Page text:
Nature is Good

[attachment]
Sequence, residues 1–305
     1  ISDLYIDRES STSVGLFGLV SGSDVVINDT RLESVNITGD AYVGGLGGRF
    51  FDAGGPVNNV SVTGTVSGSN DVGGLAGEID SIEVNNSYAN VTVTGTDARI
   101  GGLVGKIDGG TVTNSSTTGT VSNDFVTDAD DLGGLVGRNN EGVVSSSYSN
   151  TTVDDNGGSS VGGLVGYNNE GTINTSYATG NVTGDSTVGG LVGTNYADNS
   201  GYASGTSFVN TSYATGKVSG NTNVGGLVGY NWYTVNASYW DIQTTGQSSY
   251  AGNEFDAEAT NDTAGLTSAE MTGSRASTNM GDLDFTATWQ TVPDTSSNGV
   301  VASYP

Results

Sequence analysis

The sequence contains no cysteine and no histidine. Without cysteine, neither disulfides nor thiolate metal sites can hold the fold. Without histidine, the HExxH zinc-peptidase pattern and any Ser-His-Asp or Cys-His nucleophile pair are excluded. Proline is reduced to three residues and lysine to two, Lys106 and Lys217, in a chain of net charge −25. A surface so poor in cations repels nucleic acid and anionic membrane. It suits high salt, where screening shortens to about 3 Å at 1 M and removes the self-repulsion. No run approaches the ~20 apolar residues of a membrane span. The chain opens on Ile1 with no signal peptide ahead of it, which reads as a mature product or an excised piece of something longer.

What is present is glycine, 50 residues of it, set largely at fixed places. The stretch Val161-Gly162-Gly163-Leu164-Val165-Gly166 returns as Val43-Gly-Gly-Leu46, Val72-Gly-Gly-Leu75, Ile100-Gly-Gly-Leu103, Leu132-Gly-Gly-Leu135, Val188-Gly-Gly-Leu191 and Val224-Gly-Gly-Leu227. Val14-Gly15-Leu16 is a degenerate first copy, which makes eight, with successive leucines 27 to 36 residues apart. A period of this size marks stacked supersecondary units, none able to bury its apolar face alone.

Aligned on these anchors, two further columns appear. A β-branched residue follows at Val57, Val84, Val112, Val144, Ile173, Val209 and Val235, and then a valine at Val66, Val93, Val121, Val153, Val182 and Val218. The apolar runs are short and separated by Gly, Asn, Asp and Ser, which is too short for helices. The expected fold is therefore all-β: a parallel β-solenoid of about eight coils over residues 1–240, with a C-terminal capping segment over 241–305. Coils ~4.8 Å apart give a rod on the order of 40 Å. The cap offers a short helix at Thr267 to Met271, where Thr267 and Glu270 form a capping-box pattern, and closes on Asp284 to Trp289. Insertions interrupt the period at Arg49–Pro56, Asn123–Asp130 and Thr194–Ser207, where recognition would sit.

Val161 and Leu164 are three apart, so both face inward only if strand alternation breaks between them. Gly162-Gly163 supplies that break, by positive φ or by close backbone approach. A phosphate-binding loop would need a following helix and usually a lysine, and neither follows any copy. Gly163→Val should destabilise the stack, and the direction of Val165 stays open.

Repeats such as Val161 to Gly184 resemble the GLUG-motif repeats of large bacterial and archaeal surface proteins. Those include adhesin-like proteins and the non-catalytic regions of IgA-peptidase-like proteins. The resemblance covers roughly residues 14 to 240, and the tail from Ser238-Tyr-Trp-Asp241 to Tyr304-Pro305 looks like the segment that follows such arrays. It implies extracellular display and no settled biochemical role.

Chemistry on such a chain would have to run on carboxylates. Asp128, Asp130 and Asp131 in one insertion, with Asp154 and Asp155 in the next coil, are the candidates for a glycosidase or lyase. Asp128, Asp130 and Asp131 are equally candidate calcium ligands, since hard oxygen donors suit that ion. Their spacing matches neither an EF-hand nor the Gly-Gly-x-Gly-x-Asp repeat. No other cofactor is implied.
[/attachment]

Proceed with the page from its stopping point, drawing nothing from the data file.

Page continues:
In case you were too busy with your newest Wii game to catch the memo, Seattle researchers have spelled it out: Nature does the body good. Technology, not so much. That’s what the UW Human Interaction with Nature and Technological Systems Lab found after monitoring the heart rates of 90 college students as they worked in front of a window, a blank wall, or a plasma screen displaying nature scenes. Those in front of the window experienced a quicker drop in heart rate and tended to experience this decreased heart rate more often. The plasma screen—even in hi-def—was just as ineffective as the blank wall at reducing low-level stress. The conclusion: Technology can’t replace the outdoors. “There are limitations to technological representations of nature,” says Rachel Severson, one of the study’s authors. Justification for luddites? Yes. Groundbreaking? Hardly. But the researchers might be onto at least one thing: Those plasma screens in hospitals and hotels with pictures of waterfalls and tulip fields? Don’t buy one. Unless, of course, it features sunshine—which, let’s be real, you’ve got to take whenever you can get it, fake or not.